Imperial consequences

This is where the imperial mindset gets you. Congress is no longer necessary. The Bush administration might try to sell its views on the unitary executive as a government-streamlining program. Why have three branches of government if one will do? Think of all the money the taxpayers could save! It’s a deficit-slashing measure.

But seriously, where is the outrage? Bush already has U.S. troops bogged down in two open-ended occupations, at a cost of more than $10 billion a month. Ten billion dollars every 30 days! We mere taxpayers can’t get our minds around that idea. Preoccupied with our petty concerns, such as raising our children and saving for retirement, we actually think we have better things to do with our money. That’s why we need wise leaders; they see the big picture.

More than 4,000 American troops have been killed in Iraq. The lives of thousands more have been ruined. Tens of thousands of Iraqi civilians have been killed and maimed. The surge in Iraq has been so successful that in March American bombers had to be called in to put down the Shi’ites in Basra — Shi’ites who were resisting the Shi’ite-led government with close ties to Iran, the supposed bogeyman of the Middle East. In Baghdad, residents were fleeing with as many personal belongings as they could carry because of the violence. The Green Zone, where the Iraqi government and American officials are hunkered down, has been under fierce Shi’ite attack.

Meanwhile, American officials — and Republican standard-bearer John McCain — talk up the threat of Sunni al-Qaeda in Iraq — that is, until they decide that Iran makes a better monster. We can forgive McCain; despite constant reminders, he thinks al-Qaeda is Shi’ite and taking its orders from Iran.

While Bush, McCain, and the rest of the war chorus tout all these signs that the surge is working, it has become clear that by the end of the year, there will be more U.S. troops in Iraq than were there before the surge began. That, by administration standards, is success. Stay the course, they say.

Meanwhile the military chiefs bemoan the state of the armed forces. Gen. Richard Cody, the Army’s vice chief of staff, says the “lengthy and repeated deployments, with insufficient recovery time at home stations, have placed incredible stress on our soldiers and on their families, testing the resolve of the all-volunteer force like never before. I’ve never seen our lack of strength of strategic depth be where it is today.”

That may be the only bright side of the story. There are apparently no fresh troops to send into a new conflict. Croatia and Albania may have to fend for themselves after all.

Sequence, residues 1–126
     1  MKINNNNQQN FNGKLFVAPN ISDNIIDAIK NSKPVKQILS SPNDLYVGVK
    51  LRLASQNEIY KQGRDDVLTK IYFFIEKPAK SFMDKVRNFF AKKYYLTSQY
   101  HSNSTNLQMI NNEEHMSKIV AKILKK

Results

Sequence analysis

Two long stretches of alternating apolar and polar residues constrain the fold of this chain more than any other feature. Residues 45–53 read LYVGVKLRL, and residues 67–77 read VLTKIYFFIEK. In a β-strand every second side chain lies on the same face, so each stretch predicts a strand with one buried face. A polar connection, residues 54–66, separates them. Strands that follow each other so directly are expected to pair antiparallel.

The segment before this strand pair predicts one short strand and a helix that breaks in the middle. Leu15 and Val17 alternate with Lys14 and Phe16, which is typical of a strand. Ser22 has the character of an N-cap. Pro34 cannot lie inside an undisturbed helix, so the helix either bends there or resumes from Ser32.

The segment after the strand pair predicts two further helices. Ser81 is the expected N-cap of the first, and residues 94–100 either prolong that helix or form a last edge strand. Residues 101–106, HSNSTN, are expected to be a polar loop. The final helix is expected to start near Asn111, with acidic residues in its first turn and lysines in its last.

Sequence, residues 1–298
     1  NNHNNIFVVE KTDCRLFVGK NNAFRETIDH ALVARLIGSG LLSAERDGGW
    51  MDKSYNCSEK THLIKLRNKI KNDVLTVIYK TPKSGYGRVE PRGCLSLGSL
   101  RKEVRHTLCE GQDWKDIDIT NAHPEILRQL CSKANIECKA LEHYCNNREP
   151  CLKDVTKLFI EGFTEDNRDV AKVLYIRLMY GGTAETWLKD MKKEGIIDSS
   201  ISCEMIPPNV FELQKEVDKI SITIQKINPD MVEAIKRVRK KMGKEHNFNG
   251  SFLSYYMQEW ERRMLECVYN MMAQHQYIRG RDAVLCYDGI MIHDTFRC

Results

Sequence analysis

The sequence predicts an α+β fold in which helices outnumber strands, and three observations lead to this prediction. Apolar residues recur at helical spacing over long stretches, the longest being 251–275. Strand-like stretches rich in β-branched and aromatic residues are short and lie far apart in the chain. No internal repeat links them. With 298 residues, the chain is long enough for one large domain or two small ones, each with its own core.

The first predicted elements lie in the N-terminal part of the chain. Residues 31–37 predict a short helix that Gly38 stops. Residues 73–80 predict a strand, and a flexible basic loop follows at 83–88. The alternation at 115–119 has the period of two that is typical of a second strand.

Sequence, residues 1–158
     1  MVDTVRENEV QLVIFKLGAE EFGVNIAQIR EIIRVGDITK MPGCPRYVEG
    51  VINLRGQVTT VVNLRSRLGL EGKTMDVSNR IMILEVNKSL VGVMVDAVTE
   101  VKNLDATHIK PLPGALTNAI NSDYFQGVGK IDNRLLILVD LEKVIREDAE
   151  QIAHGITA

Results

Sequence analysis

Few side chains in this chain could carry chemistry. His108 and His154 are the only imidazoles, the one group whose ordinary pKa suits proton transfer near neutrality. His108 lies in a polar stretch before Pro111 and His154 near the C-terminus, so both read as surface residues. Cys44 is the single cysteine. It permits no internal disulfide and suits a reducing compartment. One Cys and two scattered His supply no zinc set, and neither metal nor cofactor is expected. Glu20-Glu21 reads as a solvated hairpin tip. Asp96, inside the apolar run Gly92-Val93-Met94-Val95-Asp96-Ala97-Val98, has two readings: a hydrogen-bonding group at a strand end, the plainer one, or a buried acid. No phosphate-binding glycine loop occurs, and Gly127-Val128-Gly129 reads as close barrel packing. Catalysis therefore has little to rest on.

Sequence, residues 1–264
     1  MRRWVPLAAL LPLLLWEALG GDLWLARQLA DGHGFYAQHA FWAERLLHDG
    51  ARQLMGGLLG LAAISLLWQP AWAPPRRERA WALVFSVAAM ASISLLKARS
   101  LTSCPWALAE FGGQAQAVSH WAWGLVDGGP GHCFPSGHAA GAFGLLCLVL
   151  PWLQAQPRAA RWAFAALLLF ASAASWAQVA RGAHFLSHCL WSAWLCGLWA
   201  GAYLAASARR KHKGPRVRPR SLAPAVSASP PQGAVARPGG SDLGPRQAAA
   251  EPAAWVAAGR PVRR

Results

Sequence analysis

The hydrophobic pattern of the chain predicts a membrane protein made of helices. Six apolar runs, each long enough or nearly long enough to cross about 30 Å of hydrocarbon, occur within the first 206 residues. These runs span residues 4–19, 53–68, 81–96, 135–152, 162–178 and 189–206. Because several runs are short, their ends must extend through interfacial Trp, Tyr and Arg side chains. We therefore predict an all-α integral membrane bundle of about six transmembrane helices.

This article originally appeared in the July 2008 edition of Freedom Daily. Subscribe to the print or email version of Freedom Daily.

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    Sheldon Richman is former vice president and editor at The Future of Freedom Foundation and editor of FFF's monthly journal, Future of Freedom. For 15 years he was editor of The Freeman, published by the Foundation for Economic Education in Irvington, New York. He is the author of FFF's award-winning book Separating School & State: How to Liberate America's Families; Your Money or Your Life: Why We Must Abolish the Income Tax; and Tethered Citizens: Time to Repeal the Welfare State. Calling for the abolition, not the reform, of public schooling. Separating School & State has become a landmark book in both libertarian and educational circles. In his column in the Financial Times, Michael Prowse wrote: "I recommend a subversive tract, Separating School & State by Sheldon Richman of the Cato Institute, a Washington think tank... . I also think that Mr. Richman is right to fear that state education undermines personal responsibility..." Sheldon's articles on economic policy, education, civil liberties, American history, foreign policy, and the Middle East have appeared in the Washington Post, Wall Street Journal, American Scholar, Chicago Tribune, USA Today, Washington Times, The American Conservative, Insight, Cato Policy Report, Journal of Economic Development, The Freeman, The World & I, Reason, Washington Report on Middle East Affairs, Middle East Policy, Liberty magazine, and other publications. He is a contributor to the The Concise Encyclopedia of Economics. A former newspaper reporter and senior editor at the Cato Institute and the Institute for Humane Studies, Sheldon is a graduate of Temple University in Philadelphia. He blogs at Free Association. Send him e-mail.